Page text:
Glue Metal to Metal

The best way to glue two small pieces of metal together is to melt them. However welding is hot and dangerous. The second best way to do it is to melt a third bit of metal and use that as the glue. But soldering requires a soldering iron.

Although using glue out of a tube is only the third best way to join two bits of metal, it does have its uses; especially in small scale craft activity.

Which metals can be glued

The good news is that on a molecular or chemical level there is not much interaction between the glue and metal so this means that pretty much any metal can be glued. Look on the glue packaging for exceptions.

The types of metal glue

There are two types of glue that you can use on metal. These are cyanoacrylate (super glue) and epoxy resin based glue.

Epoxy comes as a separate resin and hardener which need to be mixed to a specific ratio.

Of the two types of glue for metals, epoxy provides a slightly stronger bond but maybe a bit more fiddly as you have to mix the two parts of the epoxy glue together before using them. There again, if you have ever superglued your fingers together you will know of the problems working with fast acting cyanoacrylates.

Whichever route you decide to go down the preparation of the metal surface is crucial to ensuring a strong bond.


Surface preparation

Clean both surfaces thoroughly to remove debris and grease. I like to use alcohol based cleaner as it cuts the grease particularly well. Even the natural oils on your fingers can inhibit the glue’s effectiveness so don’t touch the surface with bare hands after cleaning. Next, take a bit of abrasive such as 400grit wet and dry sandpaper to rub on the metal to remove bumps but also to provide a keyed surface that the glue will adhere to more securely.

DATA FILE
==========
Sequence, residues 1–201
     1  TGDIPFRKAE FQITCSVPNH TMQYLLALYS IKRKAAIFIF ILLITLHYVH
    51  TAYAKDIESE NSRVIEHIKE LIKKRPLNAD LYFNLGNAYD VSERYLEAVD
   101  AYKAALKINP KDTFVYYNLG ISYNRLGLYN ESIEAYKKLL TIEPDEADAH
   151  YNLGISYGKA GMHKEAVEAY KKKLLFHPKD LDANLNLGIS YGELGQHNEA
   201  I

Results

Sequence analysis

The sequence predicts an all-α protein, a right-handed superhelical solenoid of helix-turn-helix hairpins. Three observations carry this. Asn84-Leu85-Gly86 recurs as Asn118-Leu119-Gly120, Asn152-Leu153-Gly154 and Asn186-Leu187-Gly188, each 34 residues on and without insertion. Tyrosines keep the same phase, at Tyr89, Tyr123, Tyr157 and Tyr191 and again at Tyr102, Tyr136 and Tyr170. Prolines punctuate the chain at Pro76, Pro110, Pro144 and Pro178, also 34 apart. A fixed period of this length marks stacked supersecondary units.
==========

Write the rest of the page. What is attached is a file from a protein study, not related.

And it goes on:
Each glue works best when you follow the instructions on the package closely. There are many formulas of two part epoxy resin and each has its own best drying time and rules on whether to apply to both surfaces or just the one.

The drying process

Once glued up, keeping the join under pressure whilst the glue sets is a massively important part of the process. This excludes microscopic air bubbles that otherwise weaken any glued join.

The biggest mistake that people make is to be too quick to assume the glue has fully cured.

When using super glue in particular, we all seem to remember the advertisements that promised a drying time of a matter of seconds. However the bond really should be left for 24 hours to ensure the toughest of joins.

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About the author

Loves to learn new things and make stuff...properly. Born and living in the Thames Valley west of London, England. I have an office job during the day, but evenings and weekends are all about making.